China said Tuesday it was advancing its own interests - not giving in to American demands - by launching a crackdown on illicit copying of American movies, music and computer programs.
A day after his country averted a trade war with the United States, Foreign Ministry spokesman Shen Guofang played down the U.S. role in getting China to move against copyright pirates.
“This by no means indicates that the Chinese side has made a major concession,” he said at the ministry’s weekly news briefing.
The latest showdown erupted after the Clinton administration accused China of shirking a 1995 agreement to stop the copyright violations, which American companies claim cost them $2.3 billion last year in lost sales.
After five days of talks in Beijing, the chief U.S. negotiator, acting Trade Representative Charlene Barshefsky, said Monday that China gave in to all major U.S. demands.
After Monday’s agreement, Washington dropped its plan to impose punitive tariffs on $2 billion in Chinese textiles and other goods, and China revoked its threat to retaliate.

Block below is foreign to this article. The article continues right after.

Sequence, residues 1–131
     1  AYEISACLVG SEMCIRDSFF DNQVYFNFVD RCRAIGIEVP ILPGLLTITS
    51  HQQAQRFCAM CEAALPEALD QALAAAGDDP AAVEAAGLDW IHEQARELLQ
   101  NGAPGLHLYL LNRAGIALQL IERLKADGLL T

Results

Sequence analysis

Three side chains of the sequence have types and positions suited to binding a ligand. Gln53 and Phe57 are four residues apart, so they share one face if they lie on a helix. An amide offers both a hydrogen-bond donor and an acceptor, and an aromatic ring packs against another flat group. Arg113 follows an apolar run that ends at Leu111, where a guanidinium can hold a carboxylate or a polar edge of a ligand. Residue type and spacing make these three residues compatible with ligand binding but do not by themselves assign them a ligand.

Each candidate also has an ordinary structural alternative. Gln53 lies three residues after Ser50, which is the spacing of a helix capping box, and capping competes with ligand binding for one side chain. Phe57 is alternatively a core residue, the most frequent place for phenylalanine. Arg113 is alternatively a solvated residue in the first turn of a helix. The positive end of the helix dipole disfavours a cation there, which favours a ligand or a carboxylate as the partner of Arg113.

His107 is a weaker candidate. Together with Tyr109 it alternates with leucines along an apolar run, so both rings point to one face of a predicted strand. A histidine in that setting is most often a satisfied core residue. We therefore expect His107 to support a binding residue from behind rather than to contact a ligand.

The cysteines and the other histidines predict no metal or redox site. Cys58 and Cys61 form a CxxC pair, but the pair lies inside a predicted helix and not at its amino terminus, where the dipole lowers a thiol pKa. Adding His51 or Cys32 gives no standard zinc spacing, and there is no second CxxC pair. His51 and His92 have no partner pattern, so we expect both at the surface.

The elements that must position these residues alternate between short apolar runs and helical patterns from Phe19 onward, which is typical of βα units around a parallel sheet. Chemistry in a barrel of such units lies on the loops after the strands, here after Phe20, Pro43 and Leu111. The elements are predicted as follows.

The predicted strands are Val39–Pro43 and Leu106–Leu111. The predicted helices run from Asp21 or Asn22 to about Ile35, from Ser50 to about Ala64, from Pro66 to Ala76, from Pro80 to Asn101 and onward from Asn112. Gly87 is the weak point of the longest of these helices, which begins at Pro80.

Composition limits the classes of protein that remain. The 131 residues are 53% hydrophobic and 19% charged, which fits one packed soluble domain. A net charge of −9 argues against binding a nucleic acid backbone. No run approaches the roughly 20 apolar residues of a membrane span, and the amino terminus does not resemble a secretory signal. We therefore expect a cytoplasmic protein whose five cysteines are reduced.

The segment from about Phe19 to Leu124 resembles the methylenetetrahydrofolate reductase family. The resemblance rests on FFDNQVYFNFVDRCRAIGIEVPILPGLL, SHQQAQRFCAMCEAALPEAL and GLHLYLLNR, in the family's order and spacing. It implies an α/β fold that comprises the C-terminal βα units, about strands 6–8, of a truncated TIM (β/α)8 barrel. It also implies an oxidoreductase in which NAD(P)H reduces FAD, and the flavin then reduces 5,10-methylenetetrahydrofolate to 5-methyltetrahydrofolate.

Critics charged that China was unlikely to honor pledges to crack down on factories churning out millions of illegal copies of American works.
Barshefsky said China agreed to close factories producing pirate CDs, halt exports of pirated goods and open its markets to U.S. film and software.
Barshefsky said American officials will help monitor enforcement.
At the news briefing, Shen called for “closer cooperation … on intellectual property rights protection.”
But he called the pledge to close factories “a requirement of China’s drive of reform … instead of to meet the demand of the United States.”
Shen said that during the talks, the United States reaffirmed its support for China to join the World Trade Organization.
sponsored Jargon is confusing, by definition. And the financial world has its own set of cryptic words.